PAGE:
We learned how small changes can make an immediate difference. Simply checking his posture, rolling his shoulders back and opening out his chest when he’s seated in his chair or in his buggy can set off a chain of muscular adjustmentsthat help him to hold his head up better, to control his eye movements, and ultimately to interact more meaningfully with those around him (if, that is, he can see past his fringe). Immediate rewards that provide the impetus to keep going even when the long term goals seem so distant.

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It’s not rocket science. In fact I’m sure most of the things we learned could have been taught by our NHS physiotherapist or speech-and-language therapist. But the six weeks of intensive contact time we spent at Bobath would take them maybe a year to achieve with their overfilled, underfunded schedules, and it’s harder to make progress without momentum.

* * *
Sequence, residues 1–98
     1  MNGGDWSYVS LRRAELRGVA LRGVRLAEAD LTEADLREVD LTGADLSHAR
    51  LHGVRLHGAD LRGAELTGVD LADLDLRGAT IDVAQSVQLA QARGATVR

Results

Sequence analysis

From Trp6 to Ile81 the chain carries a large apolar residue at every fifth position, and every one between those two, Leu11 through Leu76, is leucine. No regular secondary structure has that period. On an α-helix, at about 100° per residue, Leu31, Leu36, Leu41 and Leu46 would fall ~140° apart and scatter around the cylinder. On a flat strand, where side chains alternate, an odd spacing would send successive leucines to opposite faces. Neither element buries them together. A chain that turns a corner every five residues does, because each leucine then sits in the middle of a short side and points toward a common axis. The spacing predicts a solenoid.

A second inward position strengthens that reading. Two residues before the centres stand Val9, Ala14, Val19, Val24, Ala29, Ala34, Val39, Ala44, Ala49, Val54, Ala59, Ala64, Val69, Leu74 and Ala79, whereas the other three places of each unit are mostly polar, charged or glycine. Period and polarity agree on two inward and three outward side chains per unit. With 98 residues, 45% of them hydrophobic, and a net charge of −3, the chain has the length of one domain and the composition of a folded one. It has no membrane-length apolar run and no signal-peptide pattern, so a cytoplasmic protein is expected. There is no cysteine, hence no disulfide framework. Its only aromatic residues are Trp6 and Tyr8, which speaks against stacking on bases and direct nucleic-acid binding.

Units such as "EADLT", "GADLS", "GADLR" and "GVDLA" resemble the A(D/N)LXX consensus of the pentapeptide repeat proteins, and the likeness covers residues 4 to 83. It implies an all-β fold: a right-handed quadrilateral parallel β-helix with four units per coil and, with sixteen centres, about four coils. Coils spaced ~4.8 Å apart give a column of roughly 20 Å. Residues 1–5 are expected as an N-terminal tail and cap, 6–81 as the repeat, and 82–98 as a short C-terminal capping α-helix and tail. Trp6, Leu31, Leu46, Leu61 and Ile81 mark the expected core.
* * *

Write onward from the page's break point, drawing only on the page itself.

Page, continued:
In actual fact, I don’t think we’ve even scratched the surface of what Bobath has taught us. In the thick of an intensive course, with three hours’ driving for each appointment, on top of two days’ nursery a week and the usual hospital appointments and home visits, none of us – least of all Benjamin – really had the energy to get home and practice much more than a few stretches before bed. But armed with a DVD and a personalised instruction manual (complete with comedy photos of Benjamin and I in all sorts of positions) I hope over the weeks and months to come we’ll be able to build on the improvements we’ve already seen in his head control and visual focus, his more relaxed hands and body awareness.

I can’t thank the team at Bobath Scotland enough, for putting up with me and my army of grubby children, for supplying a good cup of coffee each morning, for treating Benjamin with respect and for believing in his potential, and for encouraging me to cut his hair.

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‘If only there was always a nice lady to hold my hair out of the way…’